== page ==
Might this be the reason the song “Palisa” was written? 1908.

SELECTED FILMS FOR THE SETTLEMENT

Messrs. C. G. Bockus, Gerrit Wilder and C. S. Crane, the committee named to select and purchase moving-picture film for the machine shortly to be taken to the Molokai Settlement, watched R. K. Bonine exhibit a mile or so of views and stunts submitted to them for sale. Mr. Bonine had put his machine and his skill at the service of the committee, and the tests of the various films were made in his studio. There were several persons to watch in addition to the committeemen, including Superintendent Jack McVeigh of the Settlement and A. Gartley, and the various pictures were criticized as to their particular merits for the desired use. Continue reading

Advertisements

Bonine brings movies to Kalawao and Kalaupapa, 1909.

FIRST MOVING PICTURE SHOW TAKES SETTLEMENT BY STORM

On Thursday evening last a new miracle happened at Kalaupapa. On that evening R. K. Bonine, the moving-picture expert, threw his first picture on the screen before an audience of a thousand lepers, and there was a great gasp of awed astonishment and keen delight when the pictures really moved and did things. Cheers, tears, gasps and soul-satisfying laughter greeted the pictures in turn, and when the reels put aside for the first entertainment had been exhausted, the people of Kalaupapa and Kalawao, in a body, cheered their thanks to the man who had brought these wonders to them and to those in Honolulu who had through their contributions made these miracles possible.

It was a great day for the people of the Molokai Settlement, and it was a great day for Bonine. To the lepers had come a new marvel, greater far than the sight of the mighty White Fleet, which maneuvered past their shores last summer, greater than anything that had come to them. No place the world over have motion pictures made such a hit. Continue reading

“Early movies of Hawaii” follow up, 2012.

Mahalo to Connie Woyciesjes and Uluulu for their responses pertaining to the scenes shot by the “man famous for filming movies”!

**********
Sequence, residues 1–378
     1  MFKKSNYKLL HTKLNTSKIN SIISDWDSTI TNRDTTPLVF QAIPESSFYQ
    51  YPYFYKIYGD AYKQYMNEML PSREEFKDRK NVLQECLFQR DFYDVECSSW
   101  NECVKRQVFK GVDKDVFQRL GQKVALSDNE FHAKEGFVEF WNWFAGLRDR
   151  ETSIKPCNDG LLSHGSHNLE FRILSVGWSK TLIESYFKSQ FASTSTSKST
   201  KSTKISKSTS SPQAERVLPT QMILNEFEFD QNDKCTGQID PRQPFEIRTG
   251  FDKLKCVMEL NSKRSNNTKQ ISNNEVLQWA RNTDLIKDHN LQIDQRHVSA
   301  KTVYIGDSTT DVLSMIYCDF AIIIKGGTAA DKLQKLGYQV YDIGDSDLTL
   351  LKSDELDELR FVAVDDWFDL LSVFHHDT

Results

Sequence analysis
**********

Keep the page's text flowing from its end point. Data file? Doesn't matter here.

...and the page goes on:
Perhaps this was R. K. Bonine as Connie suggests, but i am not sure why he’d be arriving on the Wilhelmina, i assumed he was already here in Hawaii at that time. There are by the way many articles about Bonine taking movies. Here is one which i previously posted from 1915.

From Uluulu, there was the suggestion that maybe the reels labeled “Picturesque Hawaii ca. 1916” at Critical Past are the scenes in question. Look for instance at this short movie put out by the Ford Motor Company dealing with the pineapple and labeled 1916, (which was described in the article).

Film of Kalaupapa 4th of July celebration, 1915.

FILM OF MOLOKAI SHOWN.

Before a few invited people, the haole film maker, R. K. Bonine showed views of the celebration of the fourth of July at the land of the patients on Molokai, on the night of this past July 4th.

Superintendent McVeigh was amongst the audience, and was much appreciative of the quality and clarity of these views shot on film; and when he returned to the land of the patients this Tuesday, he took with him the movie to show before the patients.

The movie taken by Mr. Bonine was 800 feet in length, and as he agreed before the patients of Kalaupapa to show the movie he shot before them, therefore, he wanted Molokai’s people to see that movie first before him showing it to Honolulu’s people at the Opera House in the future.

The first scene in the movie is the port of Kalaupapa, with the skiffs of the steamship approaching the harbor; accompanying this first scene is the store of Kalaupapa, with a oxcart pulled by four oxen—this scene shows everyday life at the land of the patients.

The scene following this is the infirmary, which is far away, and some other things; and then it moves to the celebration of this past fourth of July.

In the parade are five police, all the way at the head of the parade, with their uniforms; following behind them are the automobiles and the Chinese carts [kaa bake?], and American flags wave everywhere like the ones decorating those vehicles.

After the parading cars were those pa-u riders with their skirts fluttering in the wind; and after them were the various singing groups all dressed up in their uniforms, the girls of Bishop Home, the boys of Baldwin Home; and following that was the cowboys and the pa-u riders of Kauai.

The entertaining horse races of the day is another good scene, along with some other views of the land of the patients; and when that small crowd saw these scenes, they were full of appreciation for Mr. Bonine, and the patients will certainly not fail to give their thanks for the movie.

(Kuokoa, 8/15/1915, p. 3)

HOIKEIKE IA NA KIIONIONI O MOLOKAI.

Nupepa Kuokoa, Buke LIII, Helu 33, Aoao 3. Augate 13, 1915.